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Ludovico Lami of QuSoft and the University of Amsterdam and Mark M. Wilde of Cornell have achieved a serious breakthrough within the area of quantum computing by developing a formula that predicts the impact of environmental noise. This formula is critical in the creation of quantum computers that can work in imperfect real-world conditions.

#### The choreography of quantum computing

Quantum computing utilizes the laws of quantum mechanics for computation purposes. Unlike conventional computers that operate using bits that are either 0 or 1, quantum computers utilize quantum bits (qubits) which can be in a superposition of 0 and 1 simultaneously.

This allows quantum computers to perform certain types of calculations much faster than classical computers. For example, a quantum computer can factor very large numbers in a fraction of the time it would take a classical computer.

While one could naively attribute such an advantage to the ability of a quantum computer to perform numerous calculations in parallel, the reality is more complicated. The quantum wave function of the quantum computer (which represents its physical state) possesses several branches, each with its own phase. A phase can be thought of as the position of the hand of a clock, which can point in any direction on the clock face.

At the end of its computation, the quantum computer recombines the results of all computations it simultaneously carried out on different branches of the wave function into a single answer. “The phases associated with the different branches play a key role in determining the outcome of this recombination process, not unlike how the timing of a ballerina’s steps plays a key role in determining the success of a ballet performance,” explains Lami.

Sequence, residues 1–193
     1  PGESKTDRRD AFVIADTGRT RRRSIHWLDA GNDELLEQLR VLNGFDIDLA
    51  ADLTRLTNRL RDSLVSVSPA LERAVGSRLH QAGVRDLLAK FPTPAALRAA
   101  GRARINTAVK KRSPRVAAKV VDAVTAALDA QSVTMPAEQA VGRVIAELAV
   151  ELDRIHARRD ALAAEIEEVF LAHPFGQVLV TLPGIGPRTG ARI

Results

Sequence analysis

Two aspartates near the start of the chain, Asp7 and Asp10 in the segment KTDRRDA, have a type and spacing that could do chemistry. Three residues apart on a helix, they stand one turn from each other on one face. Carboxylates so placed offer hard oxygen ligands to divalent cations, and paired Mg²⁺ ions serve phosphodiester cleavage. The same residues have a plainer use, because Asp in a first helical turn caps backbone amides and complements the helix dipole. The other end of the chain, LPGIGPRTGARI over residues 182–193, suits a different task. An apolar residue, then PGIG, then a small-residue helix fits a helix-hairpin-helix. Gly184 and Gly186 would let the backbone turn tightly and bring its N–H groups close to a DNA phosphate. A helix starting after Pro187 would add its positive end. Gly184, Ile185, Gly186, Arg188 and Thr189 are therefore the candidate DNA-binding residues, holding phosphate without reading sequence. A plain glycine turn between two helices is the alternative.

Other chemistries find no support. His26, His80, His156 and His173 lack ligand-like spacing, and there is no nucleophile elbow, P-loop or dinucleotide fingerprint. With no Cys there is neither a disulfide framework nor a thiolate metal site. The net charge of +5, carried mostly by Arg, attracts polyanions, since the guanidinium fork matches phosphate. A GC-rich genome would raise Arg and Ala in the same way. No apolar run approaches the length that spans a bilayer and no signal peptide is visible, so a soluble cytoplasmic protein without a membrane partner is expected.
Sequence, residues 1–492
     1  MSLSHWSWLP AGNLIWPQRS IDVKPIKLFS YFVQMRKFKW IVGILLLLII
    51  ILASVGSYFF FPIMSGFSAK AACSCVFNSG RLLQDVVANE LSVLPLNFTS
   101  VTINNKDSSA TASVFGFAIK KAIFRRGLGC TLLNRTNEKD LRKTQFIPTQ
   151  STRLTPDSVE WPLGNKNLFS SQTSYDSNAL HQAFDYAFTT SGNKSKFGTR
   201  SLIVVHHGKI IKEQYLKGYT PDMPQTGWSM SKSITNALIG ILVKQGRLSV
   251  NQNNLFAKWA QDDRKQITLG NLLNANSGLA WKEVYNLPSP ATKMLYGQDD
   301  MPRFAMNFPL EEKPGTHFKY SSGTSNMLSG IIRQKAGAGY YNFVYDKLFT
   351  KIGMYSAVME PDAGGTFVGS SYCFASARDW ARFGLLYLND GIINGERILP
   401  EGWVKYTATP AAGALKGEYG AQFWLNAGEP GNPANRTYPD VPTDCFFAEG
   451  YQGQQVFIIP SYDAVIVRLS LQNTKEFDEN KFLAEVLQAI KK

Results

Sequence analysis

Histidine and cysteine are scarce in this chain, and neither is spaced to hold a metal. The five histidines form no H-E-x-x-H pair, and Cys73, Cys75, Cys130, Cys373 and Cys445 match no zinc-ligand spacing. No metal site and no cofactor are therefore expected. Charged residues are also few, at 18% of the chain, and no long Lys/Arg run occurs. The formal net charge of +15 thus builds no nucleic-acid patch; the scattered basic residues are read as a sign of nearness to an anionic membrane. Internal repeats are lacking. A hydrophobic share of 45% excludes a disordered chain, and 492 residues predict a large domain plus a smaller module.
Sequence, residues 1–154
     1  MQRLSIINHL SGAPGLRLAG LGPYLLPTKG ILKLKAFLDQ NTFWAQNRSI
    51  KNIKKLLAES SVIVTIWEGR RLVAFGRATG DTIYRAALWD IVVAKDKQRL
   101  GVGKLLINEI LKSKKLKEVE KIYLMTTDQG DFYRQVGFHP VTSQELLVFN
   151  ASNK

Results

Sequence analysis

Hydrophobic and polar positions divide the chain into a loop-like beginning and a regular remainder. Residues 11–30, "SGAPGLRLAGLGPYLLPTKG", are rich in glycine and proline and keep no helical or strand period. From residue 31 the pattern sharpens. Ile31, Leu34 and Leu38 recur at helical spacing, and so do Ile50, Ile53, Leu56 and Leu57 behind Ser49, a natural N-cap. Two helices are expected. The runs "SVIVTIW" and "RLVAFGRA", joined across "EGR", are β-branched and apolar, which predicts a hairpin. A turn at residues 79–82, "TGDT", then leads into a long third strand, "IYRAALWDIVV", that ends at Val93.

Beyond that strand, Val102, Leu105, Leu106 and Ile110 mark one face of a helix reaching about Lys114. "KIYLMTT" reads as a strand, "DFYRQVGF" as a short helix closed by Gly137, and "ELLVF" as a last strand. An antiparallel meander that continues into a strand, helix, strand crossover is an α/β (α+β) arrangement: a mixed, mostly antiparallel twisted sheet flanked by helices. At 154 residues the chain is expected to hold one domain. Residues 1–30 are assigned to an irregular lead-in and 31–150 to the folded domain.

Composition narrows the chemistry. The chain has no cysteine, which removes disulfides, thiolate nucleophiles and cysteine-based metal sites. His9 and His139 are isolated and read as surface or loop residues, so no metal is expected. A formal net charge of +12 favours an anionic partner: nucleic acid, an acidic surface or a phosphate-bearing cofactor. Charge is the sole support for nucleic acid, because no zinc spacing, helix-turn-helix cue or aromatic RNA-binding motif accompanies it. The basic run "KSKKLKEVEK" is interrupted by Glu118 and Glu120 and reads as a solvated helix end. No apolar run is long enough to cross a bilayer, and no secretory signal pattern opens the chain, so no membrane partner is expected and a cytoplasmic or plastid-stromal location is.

#### Disruptive environmental noise

A significant obstacle to quantum computing is environmental noise. Such noise can be likened to a little demon that alters the phase of different branches of the wave function in an unpredictable way. This process of tampering with the phase of a quantum system is called dephasing and can be detrimental to the success of a quantum computation.

Dephasing can occur in everyday devices such as optical fibers, which are used to transfer information in the form of light. Light rays traveling through an optical fiber can take different paths; since each path is associated with a specific phase, not knowing the path taken amounts to an effective dephasing noise.

In their new publication in *Nature Photonics*, Lami and Wilde analyze a model, called the bosonic dephasing channel, to study how noise affects the transmission of quantum information. It represents the dephasing acting on a single mode of light at a definite wavelength and polarisation.

The number quantifying the effect of the noise on quantum information is the quantum capacity, which is the number of qubits that can be safely transmitted per use of a fiber. The new publication provides a full analytical solution to the problem of calculating the quantum capacity of the bosonic dephasing channel, for all possible forms of dephasing noise.

#### Longer messages overcome errors

To overcome the effects of noise, one can incorporate redundancy in the message to ensure that the quantum information can still be retrieved at the receiving end. This is similar to saying “Alpha, Beta, Charlie” instead of “A, B, C” when speaking on the phone. Although the transmitted message is longer, the redundancy ensures that it is understood correctly.

The new study quantifies exactly how much redundancy needs to be added to a quantum message to protect it from dephasing noise. This is significant because it enables scientists to quantify the effects of noise on quantum computing and develop methods to overcome these effects.

Reference: “Exact solution for the quantum and private capacities of bosonic dephasing channels” by Ludovico Lami and Mark M. Wilde, 6 April 2023, *Nature Photonics*.

DOI: 10.1038/s41566-023-01190-4